Southwest Florida Water Management District lists almost 1,400 acres as surplus to sell

skennedy@bradenton.comSeptember 14, 2013 

MANATEE -- Almost 1,400 acres of public land overseen by the Southwest Florida Water Management District has been listed as "surplus," with plans to sell it in order to buy more valuable new acquisitions, officials said Friday.

Six acres at Manatee County's Frog Creek were among the parcels controlled by the water management district that have been declared surplus, according to a list provided by SWFMUD officials.

The parcel at the intersection of I-275 and U.S. Hwy. 41 is a portion of a larger, 127-acre site the water district bought with state "Florida Forever" conservation funds, with the intention of restoration, said Joseph Quinn, district land management section manager for the water management district.

"We purchased the property, intending to restore the system and improving water quality in the Tampa Bay area," said Quinn. Although the district bought the whole property, the six-acre parcel in question was not specifically where officials sought to focus, he said.

The state's other water management districts are also reviewing their public

lands in order to ferret out suitable parcels for sale, said Quinn.

The process left a local official wondering why he was not given the opportunity to comment on the water agency's plans.

"In general, the district's decision to surplus minor parcels to gain revenue for acquisition of more ecologically-valuable parcels can be a sound management tool if input from local district employees, who best know the property's values, are taken into consideration," said Charlie Hunsicker, Manatee County's director of natural resources.

"A better alternative to any surplus move is to work with our state legislators to reinstate full funding for district land acquisition and management programs, which have done an excellent job in protecting our important surface and groundwater resources," he said.

He noted the water management district's process "seems to parallel" the Florida Department of Environmental Protection's method.

Last week, the DEP was fending off objections from officials in various counties, whose park and preserve lands adorned a controversial preliminary list of more than 5,300 acres of public land across Florida under consideration as surplus to finance more valuable new acquisitions.

Among the critics were some in Manatee County, where 13.1 acres of the Terra Ceia Preserve, and 19.4 acres at Lake Manatee State Park were listed as possible surplus parcels, the Herald previously reported.

Since then, the Terra Ceia Preserve property has been removed from the list, but the Lake Manatee State Park acreage still remained late Friday, according to the state Department of Environmental Protection website.

The DEP's conservation land assessment process and those of the water management districts are separate, according to Patrick Gillespie, the DEP's press secretary.

The department's function, per the Florida Legislature's budget language, was to determine what land may no longer be needed for conservation purposes in order to buy even more valuable conservation land to purchase, he said, adding, "All proceeds go into buying more valuable conservation land."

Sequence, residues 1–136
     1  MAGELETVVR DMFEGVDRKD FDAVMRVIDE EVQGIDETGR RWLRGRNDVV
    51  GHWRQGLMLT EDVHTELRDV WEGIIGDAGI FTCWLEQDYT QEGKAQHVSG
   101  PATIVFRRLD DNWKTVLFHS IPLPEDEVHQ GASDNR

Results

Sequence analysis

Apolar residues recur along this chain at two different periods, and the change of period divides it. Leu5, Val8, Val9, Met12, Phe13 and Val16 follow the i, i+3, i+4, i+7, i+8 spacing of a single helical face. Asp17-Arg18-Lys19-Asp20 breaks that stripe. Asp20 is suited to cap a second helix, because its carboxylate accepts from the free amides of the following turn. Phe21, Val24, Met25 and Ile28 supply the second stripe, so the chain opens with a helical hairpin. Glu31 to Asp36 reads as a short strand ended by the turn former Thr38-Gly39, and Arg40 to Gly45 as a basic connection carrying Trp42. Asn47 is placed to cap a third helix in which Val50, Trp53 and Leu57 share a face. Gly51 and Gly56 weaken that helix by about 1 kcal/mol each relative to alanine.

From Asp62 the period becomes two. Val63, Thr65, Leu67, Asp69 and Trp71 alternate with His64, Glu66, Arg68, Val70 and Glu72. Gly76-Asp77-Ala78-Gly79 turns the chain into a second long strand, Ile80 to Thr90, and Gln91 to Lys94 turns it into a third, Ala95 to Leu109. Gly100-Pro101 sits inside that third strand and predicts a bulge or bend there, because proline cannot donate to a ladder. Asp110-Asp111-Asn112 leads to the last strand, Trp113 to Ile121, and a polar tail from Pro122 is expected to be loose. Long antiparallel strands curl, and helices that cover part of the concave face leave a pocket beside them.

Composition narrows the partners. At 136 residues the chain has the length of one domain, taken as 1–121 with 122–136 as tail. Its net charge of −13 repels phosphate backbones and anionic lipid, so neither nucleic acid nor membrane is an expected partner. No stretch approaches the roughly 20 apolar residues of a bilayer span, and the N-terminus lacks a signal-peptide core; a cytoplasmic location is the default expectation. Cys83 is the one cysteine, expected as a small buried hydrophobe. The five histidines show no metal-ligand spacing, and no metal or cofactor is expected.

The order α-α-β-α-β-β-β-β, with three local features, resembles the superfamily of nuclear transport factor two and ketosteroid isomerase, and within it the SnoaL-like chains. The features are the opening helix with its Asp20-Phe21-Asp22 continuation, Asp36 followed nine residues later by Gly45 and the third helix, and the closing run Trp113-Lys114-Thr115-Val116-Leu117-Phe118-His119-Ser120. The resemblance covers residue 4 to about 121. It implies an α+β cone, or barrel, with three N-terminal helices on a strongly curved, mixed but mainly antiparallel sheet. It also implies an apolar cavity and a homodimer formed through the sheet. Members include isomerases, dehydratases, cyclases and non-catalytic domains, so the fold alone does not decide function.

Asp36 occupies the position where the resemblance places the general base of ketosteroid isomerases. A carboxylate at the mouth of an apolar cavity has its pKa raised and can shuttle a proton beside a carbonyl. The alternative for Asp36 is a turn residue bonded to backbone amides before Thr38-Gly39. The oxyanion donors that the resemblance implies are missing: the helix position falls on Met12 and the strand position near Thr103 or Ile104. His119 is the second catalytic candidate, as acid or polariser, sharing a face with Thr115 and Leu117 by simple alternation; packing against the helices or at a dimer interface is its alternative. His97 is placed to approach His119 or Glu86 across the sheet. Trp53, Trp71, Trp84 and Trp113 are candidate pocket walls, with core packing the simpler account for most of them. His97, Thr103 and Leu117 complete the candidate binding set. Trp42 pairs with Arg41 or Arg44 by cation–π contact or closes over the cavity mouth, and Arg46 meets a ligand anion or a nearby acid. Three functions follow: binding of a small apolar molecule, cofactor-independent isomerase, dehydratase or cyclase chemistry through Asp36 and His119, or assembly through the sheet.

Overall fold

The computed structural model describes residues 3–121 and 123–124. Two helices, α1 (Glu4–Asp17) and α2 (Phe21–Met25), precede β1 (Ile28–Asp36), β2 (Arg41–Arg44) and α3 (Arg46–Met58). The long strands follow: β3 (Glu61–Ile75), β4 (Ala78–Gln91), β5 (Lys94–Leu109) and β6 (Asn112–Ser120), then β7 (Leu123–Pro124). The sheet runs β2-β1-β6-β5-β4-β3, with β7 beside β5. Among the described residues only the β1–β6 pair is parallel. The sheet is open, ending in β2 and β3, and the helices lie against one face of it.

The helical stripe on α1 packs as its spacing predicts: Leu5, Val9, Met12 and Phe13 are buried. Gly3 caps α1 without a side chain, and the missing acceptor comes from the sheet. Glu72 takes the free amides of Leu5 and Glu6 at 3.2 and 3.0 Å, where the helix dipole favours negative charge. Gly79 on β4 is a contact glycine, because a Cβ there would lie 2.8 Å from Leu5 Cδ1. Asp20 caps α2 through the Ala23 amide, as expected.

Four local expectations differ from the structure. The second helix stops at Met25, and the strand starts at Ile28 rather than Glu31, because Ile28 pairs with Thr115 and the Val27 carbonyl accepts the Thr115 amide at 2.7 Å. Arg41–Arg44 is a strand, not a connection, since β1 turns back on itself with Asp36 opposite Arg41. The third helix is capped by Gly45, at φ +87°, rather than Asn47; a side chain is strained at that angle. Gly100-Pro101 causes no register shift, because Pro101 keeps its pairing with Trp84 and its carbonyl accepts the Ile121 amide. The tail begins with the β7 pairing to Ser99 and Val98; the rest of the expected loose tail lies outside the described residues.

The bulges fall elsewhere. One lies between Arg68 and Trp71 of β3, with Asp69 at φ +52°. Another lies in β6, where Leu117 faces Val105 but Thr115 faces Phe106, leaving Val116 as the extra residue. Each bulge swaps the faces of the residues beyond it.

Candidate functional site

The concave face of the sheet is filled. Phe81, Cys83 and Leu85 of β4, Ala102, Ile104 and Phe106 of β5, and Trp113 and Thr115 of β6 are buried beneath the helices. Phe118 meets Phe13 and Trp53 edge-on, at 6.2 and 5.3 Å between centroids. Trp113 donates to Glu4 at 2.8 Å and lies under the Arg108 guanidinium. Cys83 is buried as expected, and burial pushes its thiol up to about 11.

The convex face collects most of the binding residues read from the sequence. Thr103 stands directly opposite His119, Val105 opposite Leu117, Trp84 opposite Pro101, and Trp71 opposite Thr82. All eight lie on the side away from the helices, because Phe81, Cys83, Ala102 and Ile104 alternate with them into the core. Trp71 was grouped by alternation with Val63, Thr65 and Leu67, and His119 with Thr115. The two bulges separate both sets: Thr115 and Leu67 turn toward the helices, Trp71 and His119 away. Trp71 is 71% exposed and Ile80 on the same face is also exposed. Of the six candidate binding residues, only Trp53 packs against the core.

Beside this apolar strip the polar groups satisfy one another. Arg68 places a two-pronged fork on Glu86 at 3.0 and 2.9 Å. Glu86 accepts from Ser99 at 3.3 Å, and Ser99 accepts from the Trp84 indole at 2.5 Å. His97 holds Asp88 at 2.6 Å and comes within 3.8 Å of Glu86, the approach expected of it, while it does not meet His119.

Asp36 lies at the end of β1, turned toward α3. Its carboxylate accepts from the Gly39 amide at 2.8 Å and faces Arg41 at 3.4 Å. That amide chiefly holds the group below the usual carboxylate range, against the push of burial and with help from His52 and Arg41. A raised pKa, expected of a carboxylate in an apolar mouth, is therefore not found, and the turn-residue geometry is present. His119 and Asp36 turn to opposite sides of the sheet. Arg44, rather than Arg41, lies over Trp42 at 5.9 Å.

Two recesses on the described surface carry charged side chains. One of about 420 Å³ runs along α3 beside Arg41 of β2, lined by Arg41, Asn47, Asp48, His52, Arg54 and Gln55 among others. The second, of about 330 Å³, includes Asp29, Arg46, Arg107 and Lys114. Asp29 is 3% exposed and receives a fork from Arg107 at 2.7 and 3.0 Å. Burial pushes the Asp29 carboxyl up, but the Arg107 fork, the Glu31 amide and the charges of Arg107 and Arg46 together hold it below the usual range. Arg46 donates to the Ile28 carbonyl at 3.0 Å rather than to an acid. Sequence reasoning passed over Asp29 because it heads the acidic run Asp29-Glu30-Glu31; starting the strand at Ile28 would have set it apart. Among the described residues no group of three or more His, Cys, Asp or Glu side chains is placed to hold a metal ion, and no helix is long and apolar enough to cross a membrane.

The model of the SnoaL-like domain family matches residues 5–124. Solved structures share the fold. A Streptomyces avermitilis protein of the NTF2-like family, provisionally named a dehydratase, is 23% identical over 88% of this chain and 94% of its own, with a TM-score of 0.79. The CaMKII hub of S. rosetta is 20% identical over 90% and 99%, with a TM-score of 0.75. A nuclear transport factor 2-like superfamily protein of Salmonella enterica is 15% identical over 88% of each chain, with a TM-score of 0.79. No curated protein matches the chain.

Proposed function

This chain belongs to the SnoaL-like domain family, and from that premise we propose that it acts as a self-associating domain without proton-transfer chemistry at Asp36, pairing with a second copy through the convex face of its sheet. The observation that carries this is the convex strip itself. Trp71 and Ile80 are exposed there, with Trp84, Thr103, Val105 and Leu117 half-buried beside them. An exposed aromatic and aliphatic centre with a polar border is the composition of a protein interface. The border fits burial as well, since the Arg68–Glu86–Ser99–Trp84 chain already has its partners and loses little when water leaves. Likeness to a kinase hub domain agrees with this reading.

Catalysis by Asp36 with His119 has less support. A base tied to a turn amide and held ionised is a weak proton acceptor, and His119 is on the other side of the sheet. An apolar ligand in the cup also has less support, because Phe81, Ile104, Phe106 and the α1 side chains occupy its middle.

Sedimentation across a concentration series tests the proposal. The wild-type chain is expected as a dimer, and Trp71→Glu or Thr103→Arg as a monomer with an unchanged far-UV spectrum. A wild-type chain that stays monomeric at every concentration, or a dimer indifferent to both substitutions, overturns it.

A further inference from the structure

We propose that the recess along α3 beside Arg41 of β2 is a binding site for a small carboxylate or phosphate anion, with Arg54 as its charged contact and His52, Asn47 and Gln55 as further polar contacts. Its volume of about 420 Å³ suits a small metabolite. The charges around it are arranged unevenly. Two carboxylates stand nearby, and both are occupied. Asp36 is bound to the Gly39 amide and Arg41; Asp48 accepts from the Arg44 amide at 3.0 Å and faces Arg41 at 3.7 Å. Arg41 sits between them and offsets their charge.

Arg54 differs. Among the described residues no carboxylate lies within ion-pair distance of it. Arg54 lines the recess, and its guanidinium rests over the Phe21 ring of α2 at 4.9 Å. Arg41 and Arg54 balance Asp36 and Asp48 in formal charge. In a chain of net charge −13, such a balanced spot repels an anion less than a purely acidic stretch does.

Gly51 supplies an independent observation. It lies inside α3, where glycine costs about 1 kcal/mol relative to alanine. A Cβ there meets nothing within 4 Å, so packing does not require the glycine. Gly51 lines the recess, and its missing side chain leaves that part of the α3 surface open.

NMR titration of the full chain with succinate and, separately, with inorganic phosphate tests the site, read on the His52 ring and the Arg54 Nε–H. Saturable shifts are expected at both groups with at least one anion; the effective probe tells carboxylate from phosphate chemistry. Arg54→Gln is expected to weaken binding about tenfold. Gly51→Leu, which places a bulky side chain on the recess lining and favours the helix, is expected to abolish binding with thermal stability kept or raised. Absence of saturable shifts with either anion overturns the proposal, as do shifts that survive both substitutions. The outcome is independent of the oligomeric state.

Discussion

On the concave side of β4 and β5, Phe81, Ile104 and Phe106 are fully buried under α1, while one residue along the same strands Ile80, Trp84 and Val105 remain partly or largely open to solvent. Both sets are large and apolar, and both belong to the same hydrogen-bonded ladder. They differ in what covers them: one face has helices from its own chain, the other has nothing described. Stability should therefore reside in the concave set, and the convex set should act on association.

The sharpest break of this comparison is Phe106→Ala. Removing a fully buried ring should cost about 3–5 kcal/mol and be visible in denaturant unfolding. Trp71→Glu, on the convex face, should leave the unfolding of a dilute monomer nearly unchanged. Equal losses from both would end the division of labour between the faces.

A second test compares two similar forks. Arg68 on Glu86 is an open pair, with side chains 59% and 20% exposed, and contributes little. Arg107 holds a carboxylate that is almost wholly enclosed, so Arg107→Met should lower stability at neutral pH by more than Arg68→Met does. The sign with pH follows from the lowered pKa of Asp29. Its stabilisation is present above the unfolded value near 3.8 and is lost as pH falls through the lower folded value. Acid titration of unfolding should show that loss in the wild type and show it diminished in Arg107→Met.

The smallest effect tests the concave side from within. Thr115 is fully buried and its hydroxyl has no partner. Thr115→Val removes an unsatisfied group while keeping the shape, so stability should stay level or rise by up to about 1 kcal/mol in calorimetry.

The vast majority of Manatee's Frog Creek tract is comprised of borrow pits, said Quinn.

"Prior to the District's acquisition, the upland portions of this property were used for cattle grazing," said a SWFMUD website.

"Former borrow pits used during construction of I-275 formed the four large man-made lakes that occupy the property."

"The natural areas fall into the mesic temperate hammock type, with dominant plant species consisting of live oak, laurel oak and cabbage palms," the website said, adding that such areas provide shade needed by wildlife on open grassy plains.

"Mesic temperate hammocks are important habitat for wildlife, and provide secondary habitat for a number of rare, threatened and endangered plant and animal species," the website said.

Restoration is moving forward, "but we haven't turned any dirt," Quinn said, adding, "It really wouldn't be a problem to surplus that, and complete the restoration of the rest."

A notation on the agency's list said its staff was "preparing to file a Future Land Use Change with Manatee County."

When the agency purchased the property, its land-use designation had been "mixed-use," but Manatee County officials decided that, since it was publicly-owned, its land-use designation should be changed to "conservation," said Quinn.

"So, what we're simply doing is going back through, and saying, 'We need to change it back to mixed-use,'" Quinn said.

No application for a land-use change has been submitted to date, said Kathleen L. Thompson, planning manager for Manatee County Building & Development Services Department.

Quinn said the water management district had held public hearings on the surplus land issue, one of which took place in Sarasota.

"Definitely, we were very transparent as we went through," he said.

Other properties listed on SWFMUD's surplus acreage list include 887 acres in Polk County, and 110 acres in Pasco County, according to water district's list.

Sara Kennedy, Herald reporter, can be reached at 941-745-7037. Follow her on Twitter @sarawrites.

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